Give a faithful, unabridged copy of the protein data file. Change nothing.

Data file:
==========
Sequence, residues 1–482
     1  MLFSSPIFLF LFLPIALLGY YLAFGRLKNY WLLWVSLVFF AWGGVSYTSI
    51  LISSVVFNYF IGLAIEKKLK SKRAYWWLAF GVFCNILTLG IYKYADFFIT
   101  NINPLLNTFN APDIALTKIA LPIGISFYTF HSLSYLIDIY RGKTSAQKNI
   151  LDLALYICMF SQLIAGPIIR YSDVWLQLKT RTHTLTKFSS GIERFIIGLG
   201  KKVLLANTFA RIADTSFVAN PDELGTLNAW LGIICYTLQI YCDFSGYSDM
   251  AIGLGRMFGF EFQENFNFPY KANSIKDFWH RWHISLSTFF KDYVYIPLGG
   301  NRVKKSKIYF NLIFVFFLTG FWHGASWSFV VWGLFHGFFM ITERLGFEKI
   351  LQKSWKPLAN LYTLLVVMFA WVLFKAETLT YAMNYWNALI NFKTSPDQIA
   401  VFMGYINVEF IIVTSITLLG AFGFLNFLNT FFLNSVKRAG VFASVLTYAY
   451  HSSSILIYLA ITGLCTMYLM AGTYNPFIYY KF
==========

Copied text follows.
Sequence, residues 1–482
     1  MLFSSPIFLF LFLPIALLGY YLAFGRLKNY WLLWVSLVFF AWGGVSYTSI
    51  LISSVVFNYF IGLAIEKKLK SKRAYWWLAF GVFCNILTLG IYKYADFFIT
   101  NINPLLNTFN APDIALTKIA LPIGISFYTF HSLSYLIDIY RGKTSAQKNI
   151  LDLALYICMF SQLIAGPIIR YSDVWLQLKT RTHTLTKFSS GIERFIIGLG
   201  KKVLLANTFA RIADTSFVAN PDELGTLNAW LGIICYTLQI YCDFSGYSDM
   251  AIGLGRMFGF EFQENFNFPY KANSIKDFWH RWHISLSTFF KDYVYIPLGG
   301  NRVKKSKIYF NLIFVFFLTG FWHGASWSFV VWGLFHGFFM ITERLGFEKI
   351  LQKSWKPLAN LYTLLVVMFA WVLFKAETLT YAMNYWNALI NFKTSPDQIA
   401  VFMGYINVEF IIVTSITLLG AFGFLNFLNT FFLNSVKRAG VFASVLTYAY
   451  HSSSILIYLA ITGLCTMYLM AGTYNPFIYY KF